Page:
Spying on native functions in Jasmine

Recently I’ve been getting really into Jasmine spies. I’ve come across plenty of people online talking about the basics of how to use spies in Jasmine. They’re great resources and I’m indebted to them, but I don’t think they really do Spies justice. Spies are incredible. I feel like now I’m really starting to get my head around them and wanted to talk about that.

This week I’ve been using Spies to spy on native functions. It’s possible that the reason I’ve never found anyone else talking about doing this is it’s a bad idea, or so basic that no one else has thought to mention it before. I find it important to never discount the idea that I might be an idiot.. However, this wasn’t obvious to me at first and has proven devilishly useful so here’s what I’ve been up to.

It all started with testing a form submission. In the natural course of events this would take us off the page running the Jasmine tests, or create an endless loop of page refreshes. It occurred to me that there had to be a function behind the form submission hidden somewhere, and if I could spy on that, it’d prevent the form submitting and I could get on with my life. I can even use it to check that the form submission has been called. Sure enough, a bit of poking around revealed that:
spyOn(HTMLFormElement.prototype, 'submit');
Gives you a spy on the native submit function. It makes perfect sense really, of course the HTMLFormElement prototype has a submit function attached to it, and why shouldn’t Jasmine be able to spy on it? And with that one line, the headache of not refreshing or leaving your spec runner on form submissions goes away.

Pleased with this little trick I later came up against a bit of code that needed testing. It took an uploaded image file, converted it into an Image object and looked at scaled it to fit the user’s screen size. We’ve dabbled in actually uploading images for another image uploader test in the past. It was horrible and involved adding a timeOut into the test then hoping it was long enough. We eventually took that out. Keen not to re-introduce it, I figured if I could spy on a Form submission then why not spy on the Image object constructor? Sure enough:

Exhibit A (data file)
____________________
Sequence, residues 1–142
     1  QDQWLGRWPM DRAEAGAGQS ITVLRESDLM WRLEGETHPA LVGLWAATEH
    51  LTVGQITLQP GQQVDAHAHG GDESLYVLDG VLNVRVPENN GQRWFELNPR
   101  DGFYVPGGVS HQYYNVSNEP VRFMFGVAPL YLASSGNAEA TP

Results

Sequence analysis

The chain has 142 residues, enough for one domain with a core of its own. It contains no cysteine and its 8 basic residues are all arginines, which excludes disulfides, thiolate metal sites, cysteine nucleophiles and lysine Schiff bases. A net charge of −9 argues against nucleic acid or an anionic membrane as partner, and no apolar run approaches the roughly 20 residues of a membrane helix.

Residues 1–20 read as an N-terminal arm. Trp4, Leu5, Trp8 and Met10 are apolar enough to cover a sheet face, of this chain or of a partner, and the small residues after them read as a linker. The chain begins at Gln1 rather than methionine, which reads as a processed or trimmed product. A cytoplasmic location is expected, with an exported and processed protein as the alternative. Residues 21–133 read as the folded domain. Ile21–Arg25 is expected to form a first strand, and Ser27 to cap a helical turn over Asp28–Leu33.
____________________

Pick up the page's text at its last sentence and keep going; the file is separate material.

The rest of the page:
spyOn(window, 'Image')
let me spy on that constructor, so I could then get it to return a mock object with just the information needed for the test.
spyOn(window, 'Image').andReturn({width: 100, height: 200});

Alas, I can’t claim to understand the inner workings of JavaScript well enough to predict what object any given function is attached to. I had assumed that the Image constructor would be attached to document, but turned out it’s on the window. There’s probably some easy way to look it up if you know where to look. If I were a better person, that last sentence would have been a link to that resource but I don’t have it, just assume it exists somewhere.

So anyone who, like me, didn’t find this immediately obvious I encourage you to go out and give it a try. Then if it creates some sort of horrible mess come back and let me know why I shouldn’t be doing it either. Remember, I may well be an idiot.

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Organising IE specific SASS stylesheets

So last week I spoke about using SASS to create IE specific stylesheets. This is a good idea if you’re using SASS (Or any CSS pre-compiler really) and, like me, you prefer to keep your dirty IE fixes away from proper styling.

At the end of that I said I’d talk about how we’re organising these. Unfortunately, thinking about it, this isn’t too exciting. Premature promises, eh? So here it is in brief:

Every version of IE has its own bundle. There is also a bundle for all IEs. The All IE bundle includes the regular CSS bundle and anything we want applied to all versions. Then, each specific IE version bundle includes the All IE bundle and anything specific to that version.

Fixes are (as far as practical) kept in separate, small files with names describing what they’re for and which versions they should apply to.

This means, for example, that we have a single file for applying a polyfill for gradients which is then imported into the relevant IE version bundles.

That’s about it really. Have a good week.

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IE Specific Stylesheets with SASS

Recently I’ve been concerning myself with fixing IE. Well obviously not fixing it, but navigating around its idiosyncrasies. We’re trying to develop the site for modern browsers with fallbacks and fixes appended for old ones (IE) in such a way that when they go obsolete we can whip them out quickly and easily. In styling terms this means we need a way to apply rules to elements in IE only, or even in some cases to specific versions of IE only.